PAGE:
The Indian's involvement in spiritual activity is an intense daily pursuit directed toward his village's patron saint and toward sacred places located in the surrounding countryside. Religion frequently blends native pagan rituals with Catholic traditions imposed on the native population in the wake of the Spanish conquest. In fact, religion is localized to the extent that it is said that there are as many variations in religion as there are hamlets, since each has its own set of supernatural myths, prayers and legends.
In their villages, Indians generally perform their masked dances because of religious motivation. Within the context of the demanding physical setting and the localized cultural variation, style differences among Guatemalan dance masks become reasonable. The masks are generally made for a particular dance, although the same mask may change character or role, depending on the needs of the dance and the desires of the dancers.
Masks may be either made by the dancers themselves or by experienced sculptors working for a specialized dance costume house ("moreria"). Regardless of the source, the masks are very regional in nature. The list of dances varies and includes both pre-Columbian dances, such as the Deer Dance, a ritual hunting dance of ancient Indian origin, and post-Conquest dances, such as the Dance of the Conquest, which depicts the crucial battle in which the Spaniards defeat the powerful highland Indian tribe Quiche.
Whatever their origin, the masked dances of Guatemala are a form of entertaining and popular rejoicing in which performers and spectators take part. They are usually conducted with marimba music and drums and flutes. Few steps are performed but the length of the actual dances together with the use of alcohol sometimes leads to trance.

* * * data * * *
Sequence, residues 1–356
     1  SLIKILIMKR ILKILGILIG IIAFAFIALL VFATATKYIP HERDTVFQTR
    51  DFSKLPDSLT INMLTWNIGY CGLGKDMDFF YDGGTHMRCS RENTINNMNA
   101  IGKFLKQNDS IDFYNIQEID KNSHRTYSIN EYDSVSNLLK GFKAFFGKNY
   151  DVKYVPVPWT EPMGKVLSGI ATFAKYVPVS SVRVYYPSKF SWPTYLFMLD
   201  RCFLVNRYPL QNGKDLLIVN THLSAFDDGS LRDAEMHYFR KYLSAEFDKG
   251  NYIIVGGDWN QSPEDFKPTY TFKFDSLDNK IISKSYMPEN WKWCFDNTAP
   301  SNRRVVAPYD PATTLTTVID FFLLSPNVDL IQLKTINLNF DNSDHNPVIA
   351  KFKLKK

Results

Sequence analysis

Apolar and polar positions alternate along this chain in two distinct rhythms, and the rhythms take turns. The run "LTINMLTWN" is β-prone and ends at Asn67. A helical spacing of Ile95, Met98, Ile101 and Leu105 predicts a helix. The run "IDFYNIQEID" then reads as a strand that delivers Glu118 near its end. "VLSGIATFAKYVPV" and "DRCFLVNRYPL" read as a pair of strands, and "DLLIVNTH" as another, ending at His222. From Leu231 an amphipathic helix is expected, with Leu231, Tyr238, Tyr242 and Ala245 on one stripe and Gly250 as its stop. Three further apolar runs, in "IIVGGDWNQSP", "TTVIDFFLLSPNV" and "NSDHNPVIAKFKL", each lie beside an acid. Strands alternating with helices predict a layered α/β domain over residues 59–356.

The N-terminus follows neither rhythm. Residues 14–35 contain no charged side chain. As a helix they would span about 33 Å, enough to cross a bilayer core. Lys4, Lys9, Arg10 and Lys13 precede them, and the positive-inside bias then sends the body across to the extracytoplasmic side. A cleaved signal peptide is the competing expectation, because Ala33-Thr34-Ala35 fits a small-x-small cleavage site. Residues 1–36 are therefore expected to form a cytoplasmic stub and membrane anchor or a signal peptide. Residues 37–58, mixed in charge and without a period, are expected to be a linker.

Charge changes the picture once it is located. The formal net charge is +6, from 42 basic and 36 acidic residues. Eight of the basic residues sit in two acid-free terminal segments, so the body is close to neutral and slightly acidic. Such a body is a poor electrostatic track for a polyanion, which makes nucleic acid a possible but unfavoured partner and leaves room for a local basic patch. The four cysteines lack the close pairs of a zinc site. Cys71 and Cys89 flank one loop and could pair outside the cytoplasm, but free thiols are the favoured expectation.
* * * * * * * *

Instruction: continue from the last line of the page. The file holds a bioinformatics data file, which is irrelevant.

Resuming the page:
Owners of masks pass them down from generation to generation and may also rent and loan them out. By handing over the mask the owner passes over to the new user the identity of the character in one of the traditional dances which the owner or his ancestors had chosen to represent during their lifetimes.
Although the influence of Guatemalan masks can be found in those of neighboring countries, like in regions of El Salvador, Honduras and Nicaragua, the quality of Guatemalan masks is far superior. However, even leaving aside the the ongoing oppression and exploitation of Guatemala's indigenous population, it is difficult to predict a future for these aspects of native folklore that include the masks, the costumes and the dances in which they are used. The preservation of these traditions is balanced against the economics of poverty which dictate a "more efficient" (Western) lifestyle, and the tendencies on the part of many Indian villagers to better their lots by discarding customs considered "backward" by non-Indians.
Sources: Gordon Frost, Guatemalan Mask Imagery, l976
Guatemalan Masks, The Pieper Collection, l988
Luis Lujan Munoz, Mascaras y Morerias de Guatemala, 1987